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TPS steps up in time of need ! KRLD Radio interview

Johnson County Company Shifts Production From Mattress Springs To Face Masks

MAY 12, 2020 – 1:08 PM

KEENE (1080 KRLD) – A company in Johnson County that was planning to lay off its staff when COVID-19 hit has found a new purpose.

Texas Pocket Springs Tech has been building parts for mattresses in Keene since 2002. Owner Martin Wolfson says he was on pace for his most profitable year ever, but sales dropped 75 percent when the outbreak shut down stores.

“Therefore, our customers don’t have anybody buying mattresses. Therefore, they’re not buying innerspring units,” he says.

Wolfson says he was worried he would have to lay off his entire staff. He then read the same material used to make springs, polypropylene, is used to make protective masks.

Wolfson says Grandview Bank in Cleburne offered a loan so he could keep paying his staff. He says employees designed a machine to make masks, giving him the opportunity to keep one production line open.

“With everybody supporting us, all we had to do was try to figure out how we keep our business open, and what else can we do to help the community,” Wolfson says. “It’s very, very difficult to get good labor. The core of the people working for us have been working for us for 20 years. I’m sure they could go find a job somewhere else that pays more​.”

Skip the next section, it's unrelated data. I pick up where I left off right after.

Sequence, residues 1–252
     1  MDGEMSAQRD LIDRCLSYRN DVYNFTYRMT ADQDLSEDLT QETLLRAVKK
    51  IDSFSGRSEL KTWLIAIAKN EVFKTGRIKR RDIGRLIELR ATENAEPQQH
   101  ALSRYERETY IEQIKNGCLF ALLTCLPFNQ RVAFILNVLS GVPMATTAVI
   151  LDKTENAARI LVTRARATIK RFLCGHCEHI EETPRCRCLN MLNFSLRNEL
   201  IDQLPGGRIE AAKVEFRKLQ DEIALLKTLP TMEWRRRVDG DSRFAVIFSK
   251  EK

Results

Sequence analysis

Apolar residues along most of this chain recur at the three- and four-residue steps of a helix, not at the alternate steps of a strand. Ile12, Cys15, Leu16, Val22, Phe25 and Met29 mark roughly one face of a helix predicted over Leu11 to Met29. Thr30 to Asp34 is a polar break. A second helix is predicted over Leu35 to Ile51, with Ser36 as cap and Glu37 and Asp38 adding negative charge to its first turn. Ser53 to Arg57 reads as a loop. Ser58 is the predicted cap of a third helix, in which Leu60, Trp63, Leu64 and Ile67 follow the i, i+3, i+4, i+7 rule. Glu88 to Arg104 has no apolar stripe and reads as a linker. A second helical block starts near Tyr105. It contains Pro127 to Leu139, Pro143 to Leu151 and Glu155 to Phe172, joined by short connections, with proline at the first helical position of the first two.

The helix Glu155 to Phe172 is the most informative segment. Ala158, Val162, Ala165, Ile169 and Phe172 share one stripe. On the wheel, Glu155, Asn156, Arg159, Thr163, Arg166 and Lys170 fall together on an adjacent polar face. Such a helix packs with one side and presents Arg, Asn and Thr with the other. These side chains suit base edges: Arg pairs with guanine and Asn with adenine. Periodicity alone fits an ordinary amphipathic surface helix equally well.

Before moving to Keene, Texas Pocket Springs had operated in Mansfield for two years. Wolfson says he started making about 200 masks a day but can now produce about a thousand. He delivered the first batch to Keene Fire Rescue, followed by 1,000 masks to police, fire and EMS in Cleburne.

“We’re in a small community, and if we can’t rely on each other, I don’t know who we can rely on,” Wolfson says. “The fire chief from Keene has thanked us. The fire department from Cleburne, when they came to pick up the masks, they were absolutely so overwhelmed and very, very thankful.”

Wolfson says he is donating the masks to departments in Johnson County. With the loan, he says he had to cut overtime, but he is still able to pay his employees.

“To me, that sometimes means more than money,” he says. “You’re helping somebody, and they’re helping somebody else. You’re enabling somebody to do their job.”

Wolfson says he plans to apply for certification from the state as a healthcare product manufacturer.

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